Don’t forget, we’re looking at aprons next week!  Here is a selection of free apron patterns and tutorials to intrigue and inspire:

Gathering Apron

Harvest Half Apron

Yet another style harvest apron

Clothespin Apron

PDF Booklet Featuring 27 Vintage Apron Patterns

Romantic, Regency Inspired Country Apron

Edwardian Apron

“Best Worn Barefoot” Smock (a good option for maternity wear)

Recycled Men’s Shirt Apron

Japanese Style Cross-Back Aprons: tutorials 1 and 2 and a  child-mother matching version

No patterns, but tons of inspiration can be found at The Vermont Apron Company’s shop and blog.


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Handcrafted Wardrobe: Summer is A-Comin’ In

Around every corner there seems to be someone in need of me, at every hour of the day.  I’ll have to wait until next week to share my project.  But I’m very much looking forward to seeing what others have been working on!

If you haven’t been doing so already, do have a look at the comments on these posts!  There are many interesting conversations happening.

Happy Monday friends!

 


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The Handcrafted Wardrobe: BurdaStyle Book Review

Since the start of this project I’ve been hitting up our interlibrary loan system looking for pattern books and inspiration.  This is a fabulously economical way of trying out new patterns.  Within almost any library system you should be able to find a wide assortment of both knitting and crochet books, as well as sewing books, complete with patterns that you can trace and use.

It was in this way that I was recently able to wade through a small stack of BurdaStyle books.


BurdaStyle Modern Sewing: Dresses for Every Occasion

BurdaStyle: Sewing Vintage Modern

Nothing in either of the first two caught my eye, which was somewhat surprising, considering the themes of each.   Of course I can only speak from the perspective of my own sense of style, which may vary wildly from yours.  And I haven’t actually sewn with any of the patterns, so I can’t speak to that at all.

BurdaStyle: Wardrobe Essentials

The third one, however, has a lot of potential. There are a couple of cute dresses that aren’t appropriate for me in this phase of life (read as not nursing friendly) as well as some nice basic skirts.  There are a number of simple, basic tops, with really nice detailing that I would happily sew and wear.  I’m making a note to come back to this one when I start in on my cold weather sewing!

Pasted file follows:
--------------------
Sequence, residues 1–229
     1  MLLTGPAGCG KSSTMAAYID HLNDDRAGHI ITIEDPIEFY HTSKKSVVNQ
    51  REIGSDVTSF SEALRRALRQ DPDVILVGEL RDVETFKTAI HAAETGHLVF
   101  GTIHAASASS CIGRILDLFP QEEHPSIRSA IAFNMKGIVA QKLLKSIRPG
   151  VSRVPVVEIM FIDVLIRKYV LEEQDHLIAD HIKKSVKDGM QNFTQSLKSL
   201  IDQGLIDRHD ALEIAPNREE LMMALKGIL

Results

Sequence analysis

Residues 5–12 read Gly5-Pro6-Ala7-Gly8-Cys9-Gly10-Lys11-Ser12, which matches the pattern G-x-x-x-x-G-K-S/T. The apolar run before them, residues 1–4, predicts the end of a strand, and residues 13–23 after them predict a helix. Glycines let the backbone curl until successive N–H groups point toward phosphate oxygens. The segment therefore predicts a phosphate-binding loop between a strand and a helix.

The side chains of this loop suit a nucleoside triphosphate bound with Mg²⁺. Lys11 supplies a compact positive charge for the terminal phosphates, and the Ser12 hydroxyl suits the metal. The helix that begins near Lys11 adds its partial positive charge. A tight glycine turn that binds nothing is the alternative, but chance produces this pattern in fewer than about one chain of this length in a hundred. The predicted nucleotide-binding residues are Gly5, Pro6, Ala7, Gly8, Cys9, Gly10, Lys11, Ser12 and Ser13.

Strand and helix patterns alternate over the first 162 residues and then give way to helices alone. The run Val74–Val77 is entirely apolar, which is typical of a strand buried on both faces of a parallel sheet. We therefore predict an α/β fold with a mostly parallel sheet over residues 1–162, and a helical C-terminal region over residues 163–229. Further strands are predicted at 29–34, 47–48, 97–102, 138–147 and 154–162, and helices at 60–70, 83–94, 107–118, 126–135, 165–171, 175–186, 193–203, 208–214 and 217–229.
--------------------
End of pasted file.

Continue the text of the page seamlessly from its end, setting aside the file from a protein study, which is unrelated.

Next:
These two are contenders for my autumnal/winter wardrobe….

With maybe a bit of length added to the one above.

I think that with the addition of a modesty panel, this one…

Would make a perfect nursing tunic.  It looks like it would be really comfy made out of a soft sweater knit.

How are things going with you?  Are you working on anything?  The “Summer is a Comin’ In challenge is next week and I confess, I haven’t prepared a thing!  We shall see what the coming week brings.

I have a new theme for your consideration for Monday, June 13th:Aprons” or any other sort of protective clothing that suits your lifestyle.  I’ve decided that if I’m going to take the time to make myself clothing that I love, I better find a way to keep it nice for as long as possible!

Remember the themes are entirely optional!  Please share whatever is inspiring you right now.  I hope you will join us!


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spring stitching

Whenever I see a pretty vignette on other people’s blogs, I’m always like, “wait, where are the grabbing toddler hands?!?”

Hiding out in bed, finishing up hand sewing the last seam on a tie for Elijah’s birthday.

We’re chick sitting for a few days, while we continue to consider the possibility of starting our own flock.

After my post last week, I spontaneously cast on for a cowl, designing it as I went along.  Rhythmic comfort knitting: around and around and around… I thought I might use one ball for the cowl and the other for a coordinating hat, but once the first ball was used up, I picked up the second and around and around it went.  When that one was used up I picked up an entirely different yarn and continued on with that.  Before I knew it, I essentially had an entire shawl that slips of over the head, cowl-like.  Which wasn’t the plan at all, but there you have it.

It still needs some finishing work and blocking.  I share it once it’s entirely done.

Celebrating Mother’s Day with my mother.  The beautiful linocut card and goodies underneath were made by Kris.

We are already thinking ahead towards colder weather.  This winter’s wood has been delivered and this evening I cast on for a toasty wool sweater in the color of powdered cocoa.

I’m reading Living Language by Donna Simmons of Christopherus, hoping to incorporate it into our studies, if not this year than next.